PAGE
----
Texas families deciding on hospice care for their family members are among the participants involved. The hospice patient might have a will listing their final wishes regarding hospice care, advanced directives and other factors. Some hospice patients prefer their home, while others might not object to a hospice facility. Every team member must comply with state and federal laws regarding hospice care.
Hospice law protects patients from negligent care by any medical professional or other person charged with harming a palliative care person. The hospice care team consists of skilled professionals who assist near-death patients. Other team members could be partners, kids, relatives, or friends.
What’s included in hospice care?
Hospice laws and regulations vary, including administering treatments that prolong life. Pain reduction, spiritual and mental counseling and respite care for family members are provided; however, respite care might only be available for primary family caregivers. Reviewing different hospice facilities is a great way to learn what provisions are offered and which hospice plan works best for your family.
The roles of hospice team members
If able, the healthcare providers, the family members and the patient decide when hospice is the right option. The patient and their family can start the transition if the physician(s)recommend hospice care. The team’s roles vary accordingly:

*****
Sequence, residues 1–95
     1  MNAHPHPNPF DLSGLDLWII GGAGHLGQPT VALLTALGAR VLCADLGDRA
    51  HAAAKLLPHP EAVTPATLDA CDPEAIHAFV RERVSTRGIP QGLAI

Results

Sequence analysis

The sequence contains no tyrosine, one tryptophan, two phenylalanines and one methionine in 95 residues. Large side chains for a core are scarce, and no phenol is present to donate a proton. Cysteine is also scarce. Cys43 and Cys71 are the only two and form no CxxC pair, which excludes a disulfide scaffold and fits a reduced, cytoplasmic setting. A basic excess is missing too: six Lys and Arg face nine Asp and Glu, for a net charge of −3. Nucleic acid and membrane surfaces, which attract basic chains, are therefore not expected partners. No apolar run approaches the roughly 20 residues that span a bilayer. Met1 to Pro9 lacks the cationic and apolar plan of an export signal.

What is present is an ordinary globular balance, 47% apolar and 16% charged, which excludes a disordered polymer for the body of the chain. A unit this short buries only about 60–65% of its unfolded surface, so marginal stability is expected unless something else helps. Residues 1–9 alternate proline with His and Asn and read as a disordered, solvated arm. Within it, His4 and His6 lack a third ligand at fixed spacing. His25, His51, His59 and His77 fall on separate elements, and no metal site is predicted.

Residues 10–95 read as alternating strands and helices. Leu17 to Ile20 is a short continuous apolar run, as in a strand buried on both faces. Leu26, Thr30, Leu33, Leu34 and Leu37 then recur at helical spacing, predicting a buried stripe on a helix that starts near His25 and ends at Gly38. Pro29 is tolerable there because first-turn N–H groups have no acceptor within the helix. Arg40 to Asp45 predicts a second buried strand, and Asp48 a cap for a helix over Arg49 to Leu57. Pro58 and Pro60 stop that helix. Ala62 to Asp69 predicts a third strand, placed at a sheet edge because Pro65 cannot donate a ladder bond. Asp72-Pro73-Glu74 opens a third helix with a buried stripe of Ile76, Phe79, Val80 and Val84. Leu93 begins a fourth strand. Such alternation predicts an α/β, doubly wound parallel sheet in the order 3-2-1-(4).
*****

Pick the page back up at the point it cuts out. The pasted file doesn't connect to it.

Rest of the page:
• Physicians: Diagnose and recommend hospice. Also, prescribe pain meds as
• Counselors: Prepare patient and family for the end of life, care and coping
• Social workers: Help with medical costs, placing minor children and more.
• Hospice staff: Helps with daily activities such as dressing, bathing and other
• Family: Offers the most support and patient advocacy.
Bereavement counselors supplement therapists by offering specific advice about palliative care. Financial advisors make a welcome addition to the hospice team care when considering estate asset distribution.